To quote Albert Einstein, someone who was constantly curious: “The important thing is to not stop questioning. Curiosity has its own reason for existing. One cannot help but be in awe when he contemplates the mysteries of eternity, of life, of the marvelous structure of reality.”
You might be thinking, he keeps saying I can change the world; but I am only only one person. IVA gave you the tools to be intellectually virtuous. And if we did our job correctly, you will never view education and learning the same. You will view the world with curiosity and thoughtfulness. You will ask the big questions. You will be humble. Ultimately, if you remain rooted in your intellectual character, you will serve as an example to others, which will change the world. IVA will be known as a school that equips students to engage the world with curiosity and thoughtfulness, to know themselves, and to live well. You will be the examples of that. You will change the world.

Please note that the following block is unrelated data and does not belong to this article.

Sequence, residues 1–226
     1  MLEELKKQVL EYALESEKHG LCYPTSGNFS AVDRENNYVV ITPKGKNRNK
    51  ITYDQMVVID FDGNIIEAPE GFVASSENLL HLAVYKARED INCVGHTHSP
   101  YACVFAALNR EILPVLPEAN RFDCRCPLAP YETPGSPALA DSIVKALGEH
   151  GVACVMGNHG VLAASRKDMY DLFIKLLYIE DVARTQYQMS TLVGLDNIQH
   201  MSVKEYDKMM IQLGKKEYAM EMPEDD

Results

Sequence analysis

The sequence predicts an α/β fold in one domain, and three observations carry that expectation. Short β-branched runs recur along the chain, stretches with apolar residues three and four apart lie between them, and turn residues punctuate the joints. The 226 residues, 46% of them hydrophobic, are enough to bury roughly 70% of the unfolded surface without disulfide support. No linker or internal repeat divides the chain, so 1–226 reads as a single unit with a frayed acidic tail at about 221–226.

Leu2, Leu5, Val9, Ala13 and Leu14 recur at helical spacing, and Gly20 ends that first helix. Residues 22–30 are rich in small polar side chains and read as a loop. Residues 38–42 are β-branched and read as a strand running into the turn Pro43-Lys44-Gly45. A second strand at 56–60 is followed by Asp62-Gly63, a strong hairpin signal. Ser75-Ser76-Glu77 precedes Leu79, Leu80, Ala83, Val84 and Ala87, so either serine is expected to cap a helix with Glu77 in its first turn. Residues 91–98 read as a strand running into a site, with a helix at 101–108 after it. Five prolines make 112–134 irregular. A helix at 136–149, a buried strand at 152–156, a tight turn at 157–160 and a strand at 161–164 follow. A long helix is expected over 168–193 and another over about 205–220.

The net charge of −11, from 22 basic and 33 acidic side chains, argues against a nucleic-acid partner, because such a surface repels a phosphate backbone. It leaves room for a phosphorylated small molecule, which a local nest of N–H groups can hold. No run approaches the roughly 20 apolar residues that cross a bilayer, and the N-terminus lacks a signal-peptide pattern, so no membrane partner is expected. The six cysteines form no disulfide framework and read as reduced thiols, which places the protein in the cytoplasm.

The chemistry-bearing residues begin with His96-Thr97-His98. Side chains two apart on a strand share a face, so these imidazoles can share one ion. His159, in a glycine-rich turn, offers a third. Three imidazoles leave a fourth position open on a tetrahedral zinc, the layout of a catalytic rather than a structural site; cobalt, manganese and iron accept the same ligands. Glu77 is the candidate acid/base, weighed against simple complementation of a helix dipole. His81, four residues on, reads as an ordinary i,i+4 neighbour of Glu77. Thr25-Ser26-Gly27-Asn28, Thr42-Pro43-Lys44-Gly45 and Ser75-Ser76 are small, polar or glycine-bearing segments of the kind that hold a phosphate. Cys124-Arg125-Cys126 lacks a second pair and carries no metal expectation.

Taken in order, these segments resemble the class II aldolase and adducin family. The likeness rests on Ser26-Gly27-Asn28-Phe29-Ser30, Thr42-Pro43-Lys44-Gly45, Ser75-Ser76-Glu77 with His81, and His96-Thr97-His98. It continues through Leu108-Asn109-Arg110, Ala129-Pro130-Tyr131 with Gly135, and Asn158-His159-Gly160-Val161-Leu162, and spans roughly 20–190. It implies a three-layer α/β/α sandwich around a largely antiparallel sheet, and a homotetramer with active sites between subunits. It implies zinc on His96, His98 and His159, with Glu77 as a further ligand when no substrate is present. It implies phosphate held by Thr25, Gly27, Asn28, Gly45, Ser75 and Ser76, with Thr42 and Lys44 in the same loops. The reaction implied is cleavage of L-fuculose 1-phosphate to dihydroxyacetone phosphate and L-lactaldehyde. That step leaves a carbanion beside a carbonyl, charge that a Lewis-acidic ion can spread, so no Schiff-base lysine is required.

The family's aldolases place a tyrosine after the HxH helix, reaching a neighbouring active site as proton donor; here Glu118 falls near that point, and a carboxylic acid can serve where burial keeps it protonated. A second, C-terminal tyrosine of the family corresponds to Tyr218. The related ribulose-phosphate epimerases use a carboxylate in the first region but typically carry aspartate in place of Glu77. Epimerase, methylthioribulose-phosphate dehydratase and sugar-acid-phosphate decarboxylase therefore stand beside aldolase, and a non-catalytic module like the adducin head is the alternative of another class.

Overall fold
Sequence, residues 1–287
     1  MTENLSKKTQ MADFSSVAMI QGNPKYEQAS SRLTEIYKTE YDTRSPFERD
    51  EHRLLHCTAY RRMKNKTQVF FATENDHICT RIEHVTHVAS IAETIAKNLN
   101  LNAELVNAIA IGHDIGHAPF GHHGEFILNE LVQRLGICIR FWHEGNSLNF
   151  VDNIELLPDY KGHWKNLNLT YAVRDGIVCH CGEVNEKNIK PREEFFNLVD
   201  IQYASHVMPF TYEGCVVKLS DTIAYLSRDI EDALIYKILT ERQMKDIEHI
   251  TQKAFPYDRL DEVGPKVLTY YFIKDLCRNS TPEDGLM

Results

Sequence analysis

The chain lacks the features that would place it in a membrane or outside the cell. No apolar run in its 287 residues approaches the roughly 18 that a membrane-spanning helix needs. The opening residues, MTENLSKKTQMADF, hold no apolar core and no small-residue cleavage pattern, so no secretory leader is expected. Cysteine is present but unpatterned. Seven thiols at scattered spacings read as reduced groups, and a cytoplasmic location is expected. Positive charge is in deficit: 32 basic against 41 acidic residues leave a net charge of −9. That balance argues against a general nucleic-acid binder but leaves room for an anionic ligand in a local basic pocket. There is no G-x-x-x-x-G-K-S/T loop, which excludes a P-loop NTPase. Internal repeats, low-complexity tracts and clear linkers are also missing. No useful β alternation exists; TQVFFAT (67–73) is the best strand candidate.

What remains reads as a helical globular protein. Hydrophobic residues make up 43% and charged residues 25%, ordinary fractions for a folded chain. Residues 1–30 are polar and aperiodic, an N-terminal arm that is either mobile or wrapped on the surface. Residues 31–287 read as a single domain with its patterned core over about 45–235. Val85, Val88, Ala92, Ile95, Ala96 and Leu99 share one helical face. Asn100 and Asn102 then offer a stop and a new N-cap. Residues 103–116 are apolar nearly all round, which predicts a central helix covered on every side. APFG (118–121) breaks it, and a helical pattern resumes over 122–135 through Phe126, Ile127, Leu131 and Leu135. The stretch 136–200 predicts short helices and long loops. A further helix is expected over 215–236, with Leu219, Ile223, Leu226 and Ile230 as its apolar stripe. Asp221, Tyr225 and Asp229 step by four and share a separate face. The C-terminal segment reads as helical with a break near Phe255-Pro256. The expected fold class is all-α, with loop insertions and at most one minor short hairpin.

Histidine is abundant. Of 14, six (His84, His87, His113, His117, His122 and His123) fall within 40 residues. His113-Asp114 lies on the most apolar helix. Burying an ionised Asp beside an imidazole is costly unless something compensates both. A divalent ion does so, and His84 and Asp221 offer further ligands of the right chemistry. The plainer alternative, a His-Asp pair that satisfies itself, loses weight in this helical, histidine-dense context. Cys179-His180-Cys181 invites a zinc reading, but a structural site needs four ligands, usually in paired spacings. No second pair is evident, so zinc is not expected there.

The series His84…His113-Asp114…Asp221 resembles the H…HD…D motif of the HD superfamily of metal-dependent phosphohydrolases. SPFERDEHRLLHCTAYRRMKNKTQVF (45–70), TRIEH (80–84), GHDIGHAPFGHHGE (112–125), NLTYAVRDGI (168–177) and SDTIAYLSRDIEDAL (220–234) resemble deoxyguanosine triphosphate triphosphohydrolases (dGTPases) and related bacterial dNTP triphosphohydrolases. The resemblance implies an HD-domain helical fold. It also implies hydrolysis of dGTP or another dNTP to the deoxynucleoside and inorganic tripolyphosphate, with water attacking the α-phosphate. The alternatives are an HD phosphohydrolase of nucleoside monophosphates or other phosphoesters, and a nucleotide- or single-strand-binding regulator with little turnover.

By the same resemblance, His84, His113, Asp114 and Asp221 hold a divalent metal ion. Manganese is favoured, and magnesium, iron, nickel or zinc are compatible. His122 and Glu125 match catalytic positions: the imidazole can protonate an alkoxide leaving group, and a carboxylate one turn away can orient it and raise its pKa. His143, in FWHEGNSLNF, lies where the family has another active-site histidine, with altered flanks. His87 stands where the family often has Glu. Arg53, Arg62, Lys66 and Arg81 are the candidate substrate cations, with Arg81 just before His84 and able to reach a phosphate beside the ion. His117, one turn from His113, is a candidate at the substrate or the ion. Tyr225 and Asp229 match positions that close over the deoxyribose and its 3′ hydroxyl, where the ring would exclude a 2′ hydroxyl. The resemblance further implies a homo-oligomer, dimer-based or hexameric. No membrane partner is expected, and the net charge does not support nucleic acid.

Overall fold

I am excited to follow your progress through high school and beyond. I am so very proud of you. I am so very proud of this school. So, go be foxy!
(The following is a short speech delivered at the promotion ceremony of IVA's first graduating class.)
By Ian McCurry, English and History Teacher
I still remember the first day of school. We had our beautiful ceremony out in the courtyard, with all the excitement, all the expectation. And then half of you came with me and half of you went into Ms. Noble’s room. And I remember looking at you, and seeing you looking at me, and I was bursting with questions. What would this be like? I wondered what questions you had. What were your expectations? What did you want to know? In fact, I asked you, right there in that moment what were your questions.
“Where do we change for P.E.?”
“Do we get lockers?”
“What class do we go to next?”
“Can I go to bathroom?”
“Can I start a club?”
I knew of course that you had other questions. Deeper questions. And I would come to love some of those questions throughout the next three years. I’ve been listening these last three years. I’ve been listening most intently to your questions.
“What were the first human beings like?”
“Are there undiscovered hominids still somewhere else in Africa?”
“Why did Bilbo go with the dwarves to the dragon Smaug when he was so afraid?”
“Why was the town in Maniac Magee split between blacks and whites?”